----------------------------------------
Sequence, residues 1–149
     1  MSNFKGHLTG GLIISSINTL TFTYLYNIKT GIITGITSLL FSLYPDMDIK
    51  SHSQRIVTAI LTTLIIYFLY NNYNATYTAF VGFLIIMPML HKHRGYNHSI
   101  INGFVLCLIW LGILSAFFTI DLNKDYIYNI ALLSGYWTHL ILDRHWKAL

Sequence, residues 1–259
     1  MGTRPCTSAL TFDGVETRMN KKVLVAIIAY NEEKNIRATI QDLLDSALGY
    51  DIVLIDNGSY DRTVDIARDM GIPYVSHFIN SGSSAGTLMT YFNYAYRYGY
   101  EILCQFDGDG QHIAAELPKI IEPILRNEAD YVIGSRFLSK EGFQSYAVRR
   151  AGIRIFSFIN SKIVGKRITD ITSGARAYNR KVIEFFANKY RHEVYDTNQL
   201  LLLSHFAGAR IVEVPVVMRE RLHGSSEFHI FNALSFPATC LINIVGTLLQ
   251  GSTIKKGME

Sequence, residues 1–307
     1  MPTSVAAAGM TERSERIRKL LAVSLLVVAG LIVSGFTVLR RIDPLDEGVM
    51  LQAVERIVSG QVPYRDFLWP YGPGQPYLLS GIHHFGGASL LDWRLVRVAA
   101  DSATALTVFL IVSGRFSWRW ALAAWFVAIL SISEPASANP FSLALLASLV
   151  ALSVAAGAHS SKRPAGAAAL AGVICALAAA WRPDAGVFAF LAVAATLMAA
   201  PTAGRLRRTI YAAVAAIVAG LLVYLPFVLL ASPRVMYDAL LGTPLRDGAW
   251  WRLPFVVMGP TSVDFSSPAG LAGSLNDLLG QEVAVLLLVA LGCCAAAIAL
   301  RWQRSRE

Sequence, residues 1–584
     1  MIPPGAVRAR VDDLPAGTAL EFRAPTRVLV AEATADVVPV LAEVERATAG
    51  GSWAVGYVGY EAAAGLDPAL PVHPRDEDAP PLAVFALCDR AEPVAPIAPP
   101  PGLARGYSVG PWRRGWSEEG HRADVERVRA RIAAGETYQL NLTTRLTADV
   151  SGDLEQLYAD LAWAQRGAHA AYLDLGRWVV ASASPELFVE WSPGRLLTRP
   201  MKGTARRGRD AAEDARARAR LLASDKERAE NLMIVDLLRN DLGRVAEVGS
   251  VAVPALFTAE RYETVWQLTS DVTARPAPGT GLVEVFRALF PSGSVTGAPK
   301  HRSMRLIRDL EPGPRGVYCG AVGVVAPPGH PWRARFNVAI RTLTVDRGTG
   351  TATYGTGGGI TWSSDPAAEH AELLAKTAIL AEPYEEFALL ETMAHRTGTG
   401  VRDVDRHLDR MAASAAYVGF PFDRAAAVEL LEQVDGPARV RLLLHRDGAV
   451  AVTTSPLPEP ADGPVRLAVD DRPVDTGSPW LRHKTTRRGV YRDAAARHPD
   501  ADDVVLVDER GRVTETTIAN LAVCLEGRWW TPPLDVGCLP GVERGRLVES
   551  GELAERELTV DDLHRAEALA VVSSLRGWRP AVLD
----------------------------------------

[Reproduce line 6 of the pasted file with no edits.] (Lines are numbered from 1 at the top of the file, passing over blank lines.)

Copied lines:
     1  MGTRPCTSAL TFDGVETRMN KKVLVAIIAY NEEKNIRATI QDLLDSALGY